A Ladybug Casket

By on January 24, 2013

Pet Sanctions

Lots of grown-ups have a need for a pet – a pet with ten legs, a pet with no legs whatsoever, or a pet with feathers with which one can share a comb, a meal or a thought. Children however, always have a need for a pet. But their wishes, quiet often, are not something that their parents want to fulfill.

So after a lot of begging, and the long conversation that ends with dogs, cats and hamster sanctions, kids simply have to be inventive which leads us to a simple question.

Isn’t an insect a perfect “illegal” pet?

Insects are easy to find (and to catch!), also, it is not a problem to place them in a small, secret place far from the eyes of a mean parent. They tend to be very interesting to observe, in their almost extraterrestrial shapes, and extraordinary movements. However, there is another side of that medal – kids are easily attached to their pets, and a life span of an insect can’t be nearly as long, as a proud owner would like it to be. They are also quiet sensitive, so their peaceful life can be abruptly shortened unpremeditated. If not discovered in time, it can also lead to some serious damage.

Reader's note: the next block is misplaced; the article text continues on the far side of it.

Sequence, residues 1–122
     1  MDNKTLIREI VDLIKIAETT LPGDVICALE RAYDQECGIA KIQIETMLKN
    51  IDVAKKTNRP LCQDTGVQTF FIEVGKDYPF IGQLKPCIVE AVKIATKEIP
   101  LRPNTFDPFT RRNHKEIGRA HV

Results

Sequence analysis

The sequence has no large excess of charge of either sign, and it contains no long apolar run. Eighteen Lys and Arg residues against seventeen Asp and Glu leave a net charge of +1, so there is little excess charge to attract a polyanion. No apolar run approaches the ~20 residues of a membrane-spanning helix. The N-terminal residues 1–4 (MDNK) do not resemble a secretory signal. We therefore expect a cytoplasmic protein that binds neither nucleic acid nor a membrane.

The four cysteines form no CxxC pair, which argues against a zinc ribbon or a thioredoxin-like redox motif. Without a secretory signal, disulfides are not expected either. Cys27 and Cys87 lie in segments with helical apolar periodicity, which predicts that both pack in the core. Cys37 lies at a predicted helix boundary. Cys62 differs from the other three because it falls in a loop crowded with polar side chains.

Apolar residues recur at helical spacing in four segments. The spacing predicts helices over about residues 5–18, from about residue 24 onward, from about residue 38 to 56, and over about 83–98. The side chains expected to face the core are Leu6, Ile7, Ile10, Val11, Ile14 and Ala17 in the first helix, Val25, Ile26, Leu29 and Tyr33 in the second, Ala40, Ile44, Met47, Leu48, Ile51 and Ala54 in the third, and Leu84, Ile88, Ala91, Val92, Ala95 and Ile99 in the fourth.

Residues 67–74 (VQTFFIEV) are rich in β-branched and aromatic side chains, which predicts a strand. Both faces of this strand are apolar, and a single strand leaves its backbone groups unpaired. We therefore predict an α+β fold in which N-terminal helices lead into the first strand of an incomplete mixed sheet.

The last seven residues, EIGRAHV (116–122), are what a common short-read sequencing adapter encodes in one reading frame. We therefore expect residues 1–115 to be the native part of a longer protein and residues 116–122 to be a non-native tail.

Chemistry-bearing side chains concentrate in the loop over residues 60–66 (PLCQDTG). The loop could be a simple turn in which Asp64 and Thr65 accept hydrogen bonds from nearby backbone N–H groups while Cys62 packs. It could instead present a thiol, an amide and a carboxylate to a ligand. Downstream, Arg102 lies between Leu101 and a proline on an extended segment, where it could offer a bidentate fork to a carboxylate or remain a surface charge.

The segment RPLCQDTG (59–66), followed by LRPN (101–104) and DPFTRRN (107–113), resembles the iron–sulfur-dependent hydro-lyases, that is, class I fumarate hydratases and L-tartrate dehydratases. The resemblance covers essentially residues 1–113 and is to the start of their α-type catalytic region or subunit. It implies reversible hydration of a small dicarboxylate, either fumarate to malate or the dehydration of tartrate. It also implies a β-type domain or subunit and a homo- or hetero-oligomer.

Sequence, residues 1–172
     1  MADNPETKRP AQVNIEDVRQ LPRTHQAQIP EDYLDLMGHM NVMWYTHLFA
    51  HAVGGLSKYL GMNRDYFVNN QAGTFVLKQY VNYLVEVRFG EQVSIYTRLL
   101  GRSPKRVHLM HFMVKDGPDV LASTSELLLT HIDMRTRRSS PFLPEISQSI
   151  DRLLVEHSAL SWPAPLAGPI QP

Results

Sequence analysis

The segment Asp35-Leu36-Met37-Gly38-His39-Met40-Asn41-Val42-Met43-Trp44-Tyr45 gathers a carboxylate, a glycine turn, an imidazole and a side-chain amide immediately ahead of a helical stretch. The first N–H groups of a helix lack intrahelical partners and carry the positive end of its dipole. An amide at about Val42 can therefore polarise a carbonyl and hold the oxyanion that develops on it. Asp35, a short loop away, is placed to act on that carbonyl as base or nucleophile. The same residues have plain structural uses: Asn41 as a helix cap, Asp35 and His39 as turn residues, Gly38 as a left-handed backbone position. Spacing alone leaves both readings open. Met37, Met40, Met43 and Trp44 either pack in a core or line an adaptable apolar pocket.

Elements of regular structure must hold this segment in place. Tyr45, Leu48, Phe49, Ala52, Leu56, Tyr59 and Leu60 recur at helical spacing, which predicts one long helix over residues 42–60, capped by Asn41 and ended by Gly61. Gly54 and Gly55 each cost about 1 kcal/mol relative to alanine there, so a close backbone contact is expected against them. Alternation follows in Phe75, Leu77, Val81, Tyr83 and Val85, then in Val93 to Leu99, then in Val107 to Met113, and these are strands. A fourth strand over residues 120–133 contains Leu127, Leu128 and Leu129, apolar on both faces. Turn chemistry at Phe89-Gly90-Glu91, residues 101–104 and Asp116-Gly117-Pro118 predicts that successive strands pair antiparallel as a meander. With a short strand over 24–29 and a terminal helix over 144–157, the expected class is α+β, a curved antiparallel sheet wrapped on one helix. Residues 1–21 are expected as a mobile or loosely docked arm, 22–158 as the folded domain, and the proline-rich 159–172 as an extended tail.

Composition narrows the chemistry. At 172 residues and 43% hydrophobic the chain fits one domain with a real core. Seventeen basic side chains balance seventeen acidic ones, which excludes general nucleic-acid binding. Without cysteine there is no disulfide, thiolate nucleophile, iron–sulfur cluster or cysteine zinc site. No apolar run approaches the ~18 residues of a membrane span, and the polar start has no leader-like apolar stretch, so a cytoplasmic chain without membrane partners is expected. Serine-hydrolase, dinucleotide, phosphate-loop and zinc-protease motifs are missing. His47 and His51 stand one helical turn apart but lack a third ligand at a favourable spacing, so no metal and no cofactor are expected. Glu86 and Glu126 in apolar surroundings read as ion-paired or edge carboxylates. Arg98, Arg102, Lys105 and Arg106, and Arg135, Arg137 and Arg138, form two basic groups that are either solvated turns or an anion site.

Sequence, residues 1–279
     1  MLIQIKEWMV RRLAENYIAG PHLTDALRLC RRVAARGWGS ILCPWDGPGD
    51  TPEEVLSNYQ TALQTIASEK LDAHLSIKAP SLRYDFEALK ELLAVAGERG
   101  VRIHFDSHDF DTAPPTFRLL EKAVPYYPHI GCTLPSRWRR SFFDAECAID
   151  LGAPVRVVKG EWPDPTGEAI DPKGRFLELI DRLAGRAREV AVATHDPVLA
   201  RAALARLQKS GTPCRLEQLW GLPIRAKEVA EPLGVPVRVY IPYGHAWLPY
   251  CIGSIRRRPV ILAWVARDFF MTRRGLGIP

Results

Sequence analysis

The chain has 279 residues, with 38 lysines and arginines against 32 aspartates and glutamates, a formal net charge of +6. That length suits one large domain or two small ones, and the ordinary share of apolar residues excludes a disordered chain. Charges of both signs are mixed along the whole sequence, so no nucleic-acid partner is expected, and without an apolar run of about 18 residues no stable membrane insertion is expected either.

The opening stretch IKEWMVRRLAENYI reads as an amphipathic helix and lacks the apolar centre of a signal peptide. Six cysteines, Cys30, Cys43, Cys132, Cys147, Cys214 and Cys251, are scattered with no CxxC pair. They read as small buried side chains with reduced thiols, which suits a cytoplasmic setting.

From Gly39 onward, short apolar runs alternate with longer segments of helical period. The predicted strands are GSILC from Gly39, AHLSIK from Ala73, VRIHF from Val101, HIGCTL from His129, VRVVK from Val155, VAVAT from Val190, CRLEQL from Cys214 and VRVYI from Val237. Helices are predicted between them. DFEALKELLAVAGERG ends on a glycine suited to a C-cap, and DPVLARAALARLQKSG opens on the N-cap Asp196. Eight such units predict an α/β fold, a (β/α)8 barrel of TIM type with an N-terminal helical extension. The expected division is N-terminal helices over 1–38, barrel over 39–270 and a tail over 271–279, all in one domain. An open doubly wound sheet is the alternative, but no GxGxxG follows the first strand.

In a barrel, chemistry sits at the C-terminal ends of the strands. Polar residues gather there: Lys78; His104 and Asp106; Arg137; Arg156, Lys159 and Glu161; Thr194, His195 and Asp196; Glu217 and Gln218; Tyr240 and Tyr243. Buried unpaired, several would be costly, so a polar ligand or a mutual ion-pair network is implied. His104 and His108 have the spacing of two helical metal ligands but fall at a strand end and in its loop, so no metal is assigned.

The Dead Bug Funeral Kit

Maybe that sincere pain of loosing an insect pet was an inspiration for David Barringer, a writer and designer from North Caroline, who made a very unusual set. “The Dead Bug Funeral Kit” contains a miniature coffin, a paper roll with instructions how to conduct a funeral, a clay flower, and a grass seed for the grave. Everything is designed and crafted quiet neatly. The most interesting element in this kit might be a hand-made “Boogy Book Of Eulogies” with posthumous poems about most common insects like butterflies, crickets, ladybugs etc. These poems are full of moments of innocent fascination with these strange creatures. This strange project is interesting in it’s miniature-morbid sort of way, but it still leaves a feeling of an undefined discomfort while it is transferring the most moving of all the human rituals, to the world of being so distant from ours. Maybe it is because of the feeling of essential distance of the author towards the fact that kids really are sad for the loss of something so small and irrelevant for most of the grown-ups. However, the artist himself says that it shouldn’t be observed as anything else then a design project.

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Jeremy is a writer from Odessa and a blogger for Midland Pest Control. He is interested in writing, inventive design and arts in general.

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